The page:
The Hike

Despite being in Copán three days now, we still haven't seen the famous Mayan ruins nearby. We actually walked there on New Year's Eve, but neither of us brought enough money to actually pay in. Instead we walked around in the jungle nearby, and stumbled upon some other less-impressive (one has to presume) ruins.
We circled the main ruins with the intention of breaking in, but the feckers had installed a damn good fence to keep gringos like us out. Still, the walk and the scenery were beautiful and not without a sense of danger - increasingly important I'm beginning to learn.

Yesterday I went for a hike in the mountains to the north of Copán while Jenny went horse-riding. (I don't trust the four-legged feckers.) Again, most of the danger was in my head and the trek passed without incident.
On the way up however, every rustle in the grass was a poisonous snake or a scorpion, every movement in the bushes was a jaguar about to pounce, and vultures circled with intent high in the air above me. Tarantulas lurked under every rock.
Making my way up a steep and narrow trail, a few miles from Copán, and nowhere near any houses, I suddenly noticed three men with rifles a distance behind me. I checked again a couple of minutes later and they were no longer there, but suddenly, another minute later, they were there again, much closer this time. I probably ascended even quicker without realising, but the men were gaining on me all the time. I forgot about the jaguars, tarantulas and snakes as the three approached ever closer. I realised I couldn't outrun them up the mountain in the heat, so I decided to wait. They probably wouldn't shoot me I figured. Just give them what little money I had and they would be happy enough.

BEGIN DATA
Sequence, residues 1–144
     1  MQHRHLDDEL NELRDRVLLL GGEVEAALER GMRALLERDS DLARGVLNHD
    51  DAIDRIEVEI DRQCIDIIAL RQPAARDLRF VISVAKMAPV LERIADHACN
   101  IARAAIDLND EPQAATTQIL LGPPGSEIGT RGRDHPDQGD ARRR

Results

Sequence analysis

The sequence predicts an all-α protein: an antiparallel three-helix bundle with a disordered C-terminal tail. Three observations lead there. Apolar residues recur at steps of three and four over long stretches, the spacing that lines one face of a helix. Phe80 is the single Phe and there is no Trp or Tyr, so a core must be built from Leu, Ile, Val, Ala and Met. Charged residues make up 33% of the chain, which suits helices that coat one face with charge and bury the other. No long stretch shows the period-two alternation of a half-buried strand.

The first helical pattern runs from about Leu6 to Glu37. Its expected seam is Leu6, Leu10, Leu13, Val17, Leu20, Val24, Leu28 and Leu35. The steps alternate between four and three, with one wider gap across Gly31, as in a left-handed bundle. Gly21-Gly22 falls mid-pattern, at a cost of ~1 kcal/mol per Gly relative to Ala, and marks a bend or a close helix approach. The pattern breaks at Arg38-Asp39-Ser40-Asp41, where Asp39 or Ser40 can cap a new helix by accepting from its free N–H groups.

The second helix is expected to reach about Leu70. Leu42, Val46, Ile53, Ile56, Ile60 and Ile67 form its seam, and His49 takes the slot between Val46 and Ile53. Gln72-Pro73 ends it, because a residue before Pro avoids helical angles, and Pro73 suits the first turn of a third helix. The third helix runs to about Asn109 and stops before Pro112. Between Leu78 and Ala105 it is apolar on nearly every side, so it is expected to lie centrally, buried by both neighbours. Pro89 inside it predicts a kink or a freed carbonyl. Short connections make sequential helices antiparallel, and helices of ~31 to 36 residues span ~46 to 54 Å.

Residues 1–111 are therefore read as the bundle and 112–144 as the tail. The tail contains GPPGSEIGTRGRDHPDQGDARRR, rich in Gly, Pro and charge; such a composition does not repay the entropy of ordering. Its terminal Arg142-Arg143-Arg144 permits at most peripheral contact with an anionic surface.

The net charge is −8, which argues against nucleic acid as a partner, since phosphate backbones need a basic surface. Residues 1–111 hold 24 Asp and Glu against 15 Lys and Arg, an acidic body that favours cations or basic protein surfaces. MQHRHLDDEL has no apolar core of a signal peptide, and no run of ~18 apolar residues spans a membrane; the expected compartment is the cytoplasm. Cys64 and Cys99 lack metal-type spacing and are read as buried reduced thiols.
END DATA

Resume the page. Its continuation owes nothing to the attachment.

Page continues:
As they approached however, I suddenly felt very foolish. The armed bandits were suddenly unarmed. No guns. They were just three rancheros on their way home after a day's work.
"Hola," I offered sheepishly. They replied with grunts, nods and whistles. (They seem to whistle a lot here.) They continued on their way past me and disappeared up the mountain.
I was on my own again. Even the jaguars, snakes and tarantulas deserted me. The vultures, I realised, were never there either. There were just mountains, trees and rocks. Spectacular but not life-threatening - the way most people would like it.


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